Tyre Planter

Millions of car tyres become unusable each year – they’re difficult to recycle as they contain metals and chemicals that are harmful to the environment when burnt. You can pick them up for a few Euro (or free) on second-hand websites.

Some gardeners use tyres to make raised beds in their borders, which is a great idea. Another lovely way to repurpose one is to create a planter for your garden.

It is believed the chemicals from tyres only release when they are burnt or slowly over time; still, I prefer to use my tyre for annuals and perennials rather than edible plants like herbs and vegetables.

For the past few years, I have a wildflower mix thriving in my tyre planter. It makes a pretty floral display and provides food for the bees and other insects.

What you need

  • Two tyres
  • Power washer (optional)
  • Wire brush and soapy water
  • Piece of wood
  • Jigsaw or hand saw
  • Drill
  • Screws suitable for outdoor use
  • Legs or castors (optional)
  • Recycled plastic
  • Method

    1 Choose two tyres of the same size. Before turning them into planters, give the tyres a deep clean. A blast of a power washer is ideal, but you can also use a wire brush and warm, soapy water to remove any built-up grime and grease.

    2 To create a base, trace the round shape of the tyre onto a piece of wood. Carefully cut the wood using a jigsaw or hand saw.

    3 Drill the wooden base into the rubber tyre using a drill and screws. Drill a hole in the base to create drainage in your planter.

    4 You can add legs or castor wheels to your planter to raise it off the ground. You can stack two tyres or you can use only one. If stacking the tyres, secure them to each other by screwing the inner walls of each tyre together.

    5 Use recycled plastic to line the planter and protect the wood from rotting. I used old plastic bags – just make sure to check them for holes beforehand.

    6 Fill with a mix of peat-free compost, organic matter and add some vermiculite or grit for drainage.

    Have fun with your floral display. Why not plant some tulips and daffodils for spring colour, or some dahlias for a late summer or early autumn bloom?

    If you have spare bits of mismatched china, why not use them to serve some seeds to the birds in your garden? \ Catherine Carton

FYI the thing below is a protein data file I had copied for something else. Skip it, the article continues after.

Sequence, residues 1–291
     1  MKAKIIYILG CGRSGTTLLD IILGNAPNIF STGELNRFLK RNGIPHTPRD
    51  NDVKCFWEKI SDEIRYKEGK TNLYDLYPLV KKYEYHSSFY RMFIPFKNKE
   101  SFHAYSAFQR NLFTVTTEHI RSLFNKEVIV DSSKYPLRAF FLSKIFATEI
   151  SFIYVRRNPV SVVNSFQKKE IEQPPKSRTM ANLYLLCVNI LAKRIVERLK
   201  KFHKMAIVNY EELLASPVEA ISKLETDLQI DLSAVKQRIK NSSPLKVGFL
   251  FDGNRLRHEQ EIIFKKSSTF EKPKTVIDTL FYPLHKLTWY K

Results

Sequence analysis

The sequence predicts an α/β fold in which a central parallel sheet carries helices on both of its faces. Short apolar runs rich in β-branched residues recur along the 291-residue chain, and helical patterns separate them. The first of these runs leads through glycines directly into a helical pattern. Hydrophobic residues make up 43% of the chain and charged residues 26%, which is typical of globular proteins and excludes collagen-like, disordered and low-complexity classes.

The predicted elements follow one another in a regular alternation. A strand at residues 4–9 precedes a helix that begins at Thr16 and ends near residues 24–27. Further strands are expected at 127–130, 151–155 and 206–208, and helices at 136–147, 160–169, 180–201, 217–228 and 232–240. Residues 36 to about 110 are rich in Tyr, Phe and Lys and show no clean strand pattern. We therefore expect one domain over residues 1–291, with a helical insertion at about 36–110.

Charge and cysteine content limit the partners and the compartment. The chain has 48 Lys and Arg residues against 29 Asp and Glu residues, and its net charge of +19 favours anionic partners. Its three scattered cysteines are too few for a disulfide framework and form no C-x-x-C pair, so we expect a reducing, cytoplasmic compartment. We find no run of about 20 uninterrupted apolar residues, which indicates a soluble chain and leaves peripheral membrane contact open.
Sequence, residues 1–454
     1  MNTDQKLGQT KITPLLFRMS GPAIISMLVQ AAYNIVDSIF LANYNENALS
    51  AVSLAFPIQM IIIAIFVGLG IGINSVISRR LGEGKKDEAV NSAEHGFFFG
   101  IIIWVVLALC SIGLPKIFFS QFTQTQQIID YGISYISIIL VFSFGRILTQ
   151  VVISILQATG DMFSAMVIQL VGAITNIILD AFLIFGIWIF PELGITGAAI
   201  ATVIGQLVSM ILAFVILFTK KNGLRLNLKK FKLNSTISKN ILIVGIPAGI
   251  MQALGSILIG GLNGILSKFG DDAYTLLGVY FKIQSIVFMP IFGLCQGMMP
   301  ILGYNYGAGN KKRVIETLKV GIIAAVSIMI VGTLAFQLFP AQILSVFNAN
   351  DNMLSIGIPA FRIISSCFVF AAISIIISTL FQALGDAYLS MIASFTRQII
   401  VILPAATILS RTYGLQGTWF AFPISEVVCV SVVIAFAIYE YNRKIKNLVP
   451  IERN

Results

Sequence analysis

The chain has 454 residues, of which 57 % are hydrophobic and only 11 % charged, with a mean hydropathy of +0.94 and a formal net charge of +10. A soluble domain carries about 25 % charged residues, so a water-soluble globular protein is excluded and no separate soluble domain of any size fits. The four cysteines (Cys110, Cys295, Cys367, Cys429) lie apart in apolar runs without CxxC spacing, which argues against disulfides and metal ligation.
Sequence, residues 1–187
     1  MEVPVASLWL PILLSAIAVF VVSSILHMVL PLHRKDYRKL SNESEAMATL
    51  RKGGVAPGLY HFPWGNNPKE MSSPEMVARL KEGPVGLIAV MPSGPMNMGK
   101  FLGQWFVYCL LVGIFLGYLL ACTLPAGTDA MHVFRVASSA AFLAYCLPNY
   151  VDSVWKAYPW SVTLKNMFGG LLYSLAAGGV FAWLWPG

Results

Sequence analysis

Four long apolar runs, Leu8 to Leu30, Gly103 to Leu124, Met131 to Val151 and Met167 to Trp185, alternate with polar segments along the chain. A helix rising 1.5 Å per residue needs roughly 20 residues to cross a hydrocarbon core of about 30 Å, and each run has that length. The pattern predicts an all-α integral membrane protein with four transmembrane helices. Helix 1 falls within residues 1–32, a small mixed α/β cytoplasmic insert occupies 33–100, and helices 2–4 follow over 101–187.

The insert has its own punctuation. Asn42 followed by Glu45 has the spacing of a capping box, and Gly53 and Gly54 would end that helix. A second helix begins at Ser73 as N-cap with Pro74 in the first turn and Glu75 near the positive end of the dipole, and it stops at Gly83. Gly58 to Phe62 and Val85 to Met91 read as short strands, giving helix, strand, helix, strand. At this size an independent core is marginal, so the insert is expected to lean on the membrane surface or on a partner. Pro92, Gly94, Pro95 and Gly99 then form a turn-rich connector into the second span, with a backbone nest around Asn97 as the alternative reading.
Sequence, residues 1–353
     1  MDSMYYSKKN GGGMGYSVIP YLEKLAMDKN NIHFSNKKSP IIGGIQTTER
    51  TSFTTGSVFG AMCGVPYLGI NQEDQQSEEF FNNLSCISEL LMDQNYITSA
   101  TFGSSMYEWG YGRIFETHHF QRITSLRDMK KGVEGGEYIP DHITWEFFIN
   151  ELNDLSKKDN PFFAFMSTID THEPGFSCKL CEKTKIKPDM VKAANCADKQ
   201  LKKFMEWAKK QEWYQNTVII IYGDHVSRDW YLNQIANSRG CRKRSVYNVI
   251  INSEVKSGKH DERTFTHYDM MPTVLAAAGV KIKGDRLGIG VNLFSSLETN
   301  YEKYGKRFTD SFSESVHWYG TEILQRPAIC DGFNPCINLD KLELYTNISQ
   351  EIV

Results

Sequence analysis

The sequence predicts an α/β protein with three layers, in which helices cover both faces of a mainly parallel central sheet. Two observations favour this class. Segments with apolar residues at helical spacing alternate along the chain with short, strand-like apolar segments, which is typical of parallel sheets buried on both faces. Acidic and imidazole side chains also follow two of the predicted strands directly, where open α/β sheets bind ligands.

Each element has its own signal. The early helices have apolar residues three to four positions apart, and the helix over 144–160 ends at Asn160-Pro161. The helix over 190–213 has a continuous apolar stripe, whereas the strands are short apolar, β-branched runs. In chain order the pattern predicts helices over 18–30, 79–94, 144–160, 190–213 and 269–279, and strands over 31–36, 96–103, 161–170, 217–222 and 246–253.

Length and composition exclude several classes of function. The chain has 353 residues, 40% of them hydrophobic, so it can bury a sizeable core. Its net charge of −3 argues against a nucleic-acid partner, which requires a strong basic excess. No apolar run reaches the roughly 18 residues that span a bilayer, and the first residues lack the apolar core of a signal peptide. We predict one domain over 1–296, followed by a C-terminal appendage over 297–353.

Teacup Bird Feeders

    If you have spare bits of mismatched china, why not use them to serve some seeds to the birds in your garden? I love to leave food out for my local birdies and watch them play from my kitchen window.

    It helps to sustain the wild birds through the winter months, and in return, they’ll help you out. I’ve noticed the smaller birds eating insects and aphids off my roses and plants – since they keep the bugs under control, I don’t have to use any pesticides.

    When you start feeding birds in your garden, you will notice the many species that live amongst us. I have a robin who visits, and he prefers to eat the seed that falls on the ground.

    Other smaller birds like the blue tit and chaffinch happily swing and eat from bird feeders. Having a mix of tables and feeders will cater to most birds native to your area.

    What you need:

  • A china cup and a plate
  • Strong glue adhesive
  • Tape
  • Strong twine or chain
  • Metal hooks
  • Method

    1 When choosing china, the lighter the better. Check for cracks or chips, as these could injure a bird’s leg or claw. Wash your teacups well to remove grime.

    2 The glue is the essential part of this project. Choose adhesive that requires time to set. You want it to be strong enough to hold the weight of the plate, seed and bird. I like to use E6000 or Gorilla Glue.

    3 Position the cup in the centre of the saucer, on its side. Apply a bead of glue to the saucer and firmly place the cup on top. Use some tape to hold the cup and saucer together while the glue cures.

    4 You can sit the teacup feeder on a shelf, or you can hang it. To hang, add either a sturdy piece of twine or a thin metal chain to the handle of your cup. The string shouldn’t be too long – around five or six inches, depending on what you’re hanging it from – as we don’t want the teacup to over-swing or blow around too much in the wind. Add a hook to a wall or a wooden palette like mine and hang your bird feeder from it. You can also hang it from the branch of a tree.

    5 It is best to keep your teacup feeders in a sheltered area, away from harsh winds and weather. Check your feeders regularly for any sign of deterioration and clean them with warm water to help stop the spread of disease and bacteria.

    6 It may take a week or more for the birds to discover your new feeders, but when they do, I promise that you will have some regular visitors to your garden.

    7 To make a sturdier teacup feeder, instead of using glue, you can drill a hole of the same size in both the cup and plate, then use a screw and nut to secure the cup to the plate.